India rises to 63rd rank in Ease of Doing Business – Ranks vs Realities

Last Updated at: Feb 08, 2021
India rises up to 63rd Rank in Ease of Doing Business - Ranks vs Realities
The Chief Secretary of Rajasthan said now on he would chair meetings to make sure all easy doing business measures are incorporated in a timely manner. In addition, the Chief Minister may monitor progress of the various departments on the EoDB criteria


In a remarkable journey of progress, amidst an economic slowdown, India recorded a massive leap of fourteen places to finish sixty-third in the Ease of Doing Business rankings 2019 published by the World Bank last month. A positive record has been witnessed in many areas of core evaluation in the ease of doing business rankings, with sustained business reforms largely contributing to the boost in India’s rank. In this post, we compare India’s position against its past performance as well as against international players, while also highlighting the economic and practical ramifications of the ranking.

What is the World Bank’s criteria for ranking in the Ease of Doing Business Index?

  • The World Bank monitors the performance of each of the 190 countries involved in the index survey through a 12 month period. The key assessment factor is the usage of ‘Distance to Frontier’ parameter which is a score that highlights the gap of an economy to the global best practice.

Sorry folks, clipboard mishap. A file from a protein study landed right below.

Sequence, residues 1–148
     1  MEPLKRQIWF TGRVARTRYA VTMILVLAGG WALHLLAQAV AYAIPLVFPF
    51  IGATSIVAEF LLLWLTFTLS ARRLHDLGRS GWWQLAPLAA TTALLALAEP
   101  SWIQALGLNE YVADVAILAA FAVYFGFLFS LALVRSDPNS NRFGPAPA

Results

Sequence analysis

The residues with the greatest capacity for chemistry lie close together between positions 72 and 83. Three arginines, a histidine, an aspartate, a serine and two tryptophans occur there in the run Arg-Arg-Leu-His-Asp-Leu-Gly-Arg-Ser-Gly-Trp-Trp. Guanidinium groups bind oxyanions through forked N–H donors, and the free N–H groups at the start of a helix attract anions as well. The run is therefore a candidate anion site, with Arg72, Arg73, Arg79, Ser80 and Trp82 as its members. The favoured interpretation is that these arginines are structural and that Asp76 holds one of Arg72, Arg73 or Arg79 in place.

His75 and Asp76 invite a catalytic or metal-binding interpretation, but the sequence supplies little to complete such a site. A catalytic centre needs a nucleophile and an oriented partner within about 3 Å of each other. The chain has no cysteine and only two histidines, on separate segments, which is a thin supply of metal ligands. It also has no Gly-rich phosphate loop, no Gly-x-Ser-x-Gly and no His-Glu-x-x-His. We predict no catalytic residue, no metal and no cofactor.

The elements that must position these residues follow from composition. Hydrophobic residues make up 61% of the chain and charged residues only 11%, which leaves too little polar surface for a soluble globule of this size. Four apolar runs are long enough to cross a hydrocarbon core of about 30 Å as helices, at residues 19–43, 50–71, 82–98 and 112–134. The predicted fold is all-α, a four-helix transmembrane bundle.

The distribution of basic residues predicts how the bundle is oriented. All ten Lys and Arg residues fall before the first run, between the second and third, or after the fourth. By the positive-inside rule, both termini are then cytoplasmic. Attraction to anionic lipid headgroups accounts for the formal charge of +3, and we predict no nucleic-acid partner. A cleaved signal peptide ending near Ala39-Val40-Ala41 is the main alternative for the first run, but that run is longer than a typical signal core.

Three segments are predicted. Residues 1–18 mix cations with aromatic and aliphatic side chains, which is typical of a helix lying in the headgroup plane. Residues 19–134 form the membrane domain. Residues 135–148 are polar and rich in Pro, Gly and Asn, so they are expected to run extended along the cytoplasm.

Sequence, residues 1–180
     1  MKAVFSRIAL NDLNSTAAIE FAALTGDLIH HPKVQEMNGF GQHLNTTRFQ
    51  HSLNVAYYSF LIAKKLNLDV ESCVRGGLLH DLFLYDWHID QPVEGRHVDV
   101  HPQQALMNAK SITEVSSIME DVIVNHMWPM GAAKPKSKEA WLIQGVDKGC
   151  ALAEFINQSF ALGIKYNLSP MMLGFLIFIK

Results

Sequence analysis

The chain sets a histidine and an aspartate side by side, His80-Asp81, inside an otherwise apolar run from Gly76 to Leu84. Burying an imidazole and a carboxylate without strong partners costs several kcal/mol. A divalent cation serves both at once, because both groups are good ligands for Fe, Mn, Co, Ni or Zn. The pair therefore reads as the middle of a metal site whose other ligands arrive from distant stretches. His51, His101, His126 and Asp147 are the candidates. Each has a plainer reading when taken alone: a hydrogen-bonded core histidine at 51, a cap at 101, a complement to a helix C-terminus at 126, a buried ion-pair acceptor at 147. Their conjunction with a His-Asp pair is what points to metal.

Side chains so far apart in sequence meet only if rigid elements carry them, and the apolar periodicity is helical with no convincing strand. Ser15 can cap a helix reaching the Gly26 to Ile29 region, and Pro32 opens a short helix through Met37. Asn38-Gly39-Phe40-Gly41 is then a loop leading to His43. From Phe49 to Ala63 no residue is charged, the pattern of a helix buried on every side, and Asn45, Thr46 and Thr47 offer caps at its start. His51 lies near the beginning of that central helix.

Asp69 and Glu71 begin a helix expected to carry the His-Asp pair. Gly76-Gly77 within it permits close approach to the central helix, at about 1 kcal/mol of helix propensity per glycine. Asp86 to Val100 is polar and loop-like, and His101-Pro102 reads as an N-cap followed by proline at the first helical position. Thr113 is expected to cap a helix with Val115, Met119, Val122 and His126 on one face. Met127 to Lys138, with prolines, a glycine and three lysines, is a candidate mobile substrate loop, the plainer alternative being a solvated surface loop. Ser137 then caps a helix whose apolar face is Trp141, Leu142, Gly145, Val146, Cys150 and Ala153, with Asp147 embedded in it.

• There are ten areas of survey in the index – starting a business, dealing with construction permits, getting electricity, registering property, getting credit, protecting minority investors, paying taxes, trading across borders, enforcing contracts, and resolving insolvency.
  • Each country is scored and also ranked against the distance to frontier score, between 0-100 score. This helps measure any given country’s performance with respect to the best practice across the entire set of countries participating in the index. A score of zero signifies worst regulatory performance and 100, the best.

Areas that recorded the best improvement in India

    • The World Bank notes India as one of the top 10 improvers for the third consecutive year. In the 2017 rankings, India stood a dismal130th. In the very next year, 2018 – we ranked 100th and in the 2019 rankings published last year, India had finished at the 77th spot. While India’s ranking in South Asia was sixth in the year 2014, we currently stand first among all South Asian economies.
    • The improvement is largely on account of better and improved insolvency proceeding (post passing of the Insolvency and Bankruptcy Code, 2016 and the amendments that have followed) which reduced the average time taken for insolvency proceeding culmination to 1.6 years.
    • Mumbai’s streamlining of obtaining building permits has made it faster and less expensive to get a construction permit.
    • Reduction in corporate tax rates after the budget 2019-20
    • Simplified sanctioning of loans
    • Electronic toll payments and the compulsory introduction of FASTags on National Highways
    • Enhanced technology-based governance such as digital mapping of land holdings and National Judicial Data Grid
    • Access to private players in Defence Production Policy 2018 for domestic production
    • Improvements across various sectors in outward and inward foreign investment norms have also contributed to the improved rankings.